subscribe to our newsletter sign up

SMSF investors warned on cash risk

Following the release of ATO data, SMSF trustees have been issued a stern warning not to avoid holding too much cash in their portfolios.

Reflecting on ATO figures indicating that SMSFs invested $154.1 billion in cash and term deposits as at September 2013 – representing 29 per cent of all SMSF assets – Market Vectors managing director Arian Neiron said this allocation does not sufficiently mitigate inflation.

“SMSFs should consider diversifying their investments with ETFs in 2014 to build their wealth over time, rather than seeing the value of their cash eroded by tax and inflation,” Mr Neiron said.

“With interest rates falling to their lowest in years, and Australia’s inflation rate rising in recent times, the real returns on cash are falling. Australia’s inflation rate surprised the market in the final quarter of 2013, climbing to 2.7 per cent, up from 2.2 per cent in the December 2012 quarter.

The sharp fall in the Australian dollar is expected to keep upward pressure on inflation through 2014.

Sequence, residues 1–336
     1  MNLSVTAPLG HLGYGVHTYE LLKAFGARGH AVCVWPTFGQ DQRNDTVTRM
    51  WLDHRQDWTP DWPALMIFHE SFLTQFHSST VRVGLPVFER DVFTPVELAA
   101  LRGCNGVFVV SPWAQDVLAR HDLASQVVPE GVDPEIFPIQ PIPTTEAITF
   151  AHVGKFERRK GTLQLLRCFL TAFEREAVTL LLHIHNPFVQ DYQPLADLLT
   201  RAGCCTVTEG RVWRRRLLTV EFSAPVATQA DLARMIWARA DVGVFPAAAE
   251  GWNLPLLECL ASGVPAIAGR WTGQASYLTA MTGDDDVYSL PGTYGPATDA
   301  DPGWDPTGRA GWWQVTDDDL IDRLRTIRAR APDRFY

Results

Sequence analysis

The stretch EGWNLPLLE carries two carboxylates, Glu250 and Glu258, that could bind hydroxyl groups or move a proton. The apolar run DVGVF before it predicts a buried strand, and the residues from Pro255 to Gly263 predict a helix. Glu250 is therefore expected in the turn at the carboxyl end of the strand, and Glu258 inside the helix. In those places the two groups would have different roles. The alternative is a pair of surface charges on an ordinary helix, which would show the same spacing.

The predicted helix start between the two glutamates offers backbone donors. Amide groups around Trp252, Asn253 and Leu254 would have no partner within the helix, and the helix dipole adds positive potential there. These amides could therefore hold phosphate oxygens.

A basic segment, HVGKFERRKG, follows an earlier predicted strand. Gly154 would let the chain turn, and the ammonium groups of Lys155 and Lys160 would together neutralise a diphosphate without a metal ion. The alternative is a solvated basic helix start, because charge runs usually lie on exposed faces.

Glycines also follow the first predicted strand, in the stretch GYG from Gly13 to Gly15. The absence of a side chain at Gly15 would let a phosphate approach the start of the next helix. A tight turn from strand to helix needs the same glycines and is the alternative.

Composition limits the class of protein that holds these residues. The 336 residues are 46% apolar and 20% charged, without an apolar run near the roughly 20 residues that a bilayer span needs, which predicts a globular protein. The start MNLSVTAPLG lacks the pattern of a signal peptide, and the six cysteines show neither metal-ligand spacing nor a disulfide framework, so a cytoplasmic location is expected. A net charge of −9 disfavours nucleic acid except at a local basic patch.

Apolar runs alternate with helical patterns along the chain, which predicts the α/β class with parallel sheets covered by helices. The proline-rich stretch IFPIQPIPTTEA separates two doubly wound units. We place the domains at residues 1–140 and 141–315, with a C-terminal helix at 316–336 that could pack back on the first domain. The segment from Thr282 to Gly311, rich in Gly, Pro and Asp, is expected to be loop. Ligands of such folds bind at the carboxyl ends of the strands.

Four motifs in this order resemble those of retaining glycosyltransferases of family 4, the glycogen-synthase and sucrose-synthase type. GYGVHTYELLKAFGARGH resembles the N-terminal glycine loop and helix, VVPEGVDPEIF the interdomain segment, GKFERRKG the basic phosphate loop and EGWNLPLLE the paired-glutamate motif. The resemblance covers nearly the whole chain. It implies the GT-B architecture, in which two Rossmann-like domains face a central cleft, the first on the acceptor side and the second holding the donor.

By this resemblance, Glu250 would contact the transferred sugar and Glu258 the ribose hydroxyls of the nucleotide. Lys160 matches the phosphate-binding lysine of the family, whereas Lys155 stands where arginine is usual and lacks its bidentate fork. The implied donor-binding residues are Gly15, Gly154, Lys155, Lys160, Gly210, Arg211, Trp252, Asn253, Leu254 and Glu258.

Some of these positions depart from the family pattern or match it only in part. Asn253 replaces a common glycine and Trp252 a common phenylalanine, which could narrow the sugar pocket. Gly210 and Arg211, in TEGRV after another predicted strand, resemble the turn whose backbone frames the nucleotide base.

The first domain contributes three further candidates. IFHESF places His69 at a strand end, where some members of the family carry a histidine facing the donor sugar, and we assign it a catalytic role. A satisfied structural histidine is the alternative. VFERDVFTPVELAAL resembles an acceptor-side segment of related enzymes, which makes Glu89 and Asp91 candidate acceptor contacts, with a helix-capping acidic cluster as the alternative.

“As well as term deposit investments, SMSFs have a wide range of listed investment options, such as ETFs, which can be used as a long-term growth strategy or to gain short- to medium-term equity market exposure while deciding where to put funds longer term.”

SMSF investors warned on cash risk
nestegg logo
subscribe to our newsletter sign up
Promoted Content
Recommended by Spike Native Network
Greg Hollands - Numb... - Quite frankly, I am sick and tired of "community expectations" used as an argument. If that were the case, many borrowers from banks would expect the.......
Tough Love - TC, if you are earning just above minimum wage running your business, then stop. Rather than whinge about how difficult it is, just stop. Go and get.......
Jimmy - How many people buy the book and never read it? How many people buy the unshod one's book and never read it? Like the article says, it's simple but.......
Jack - Oh dear ...... investable Income, budgets, Income-producing assets (well, makes a change from ‘growth’ assets, at least), and I suppose we should.......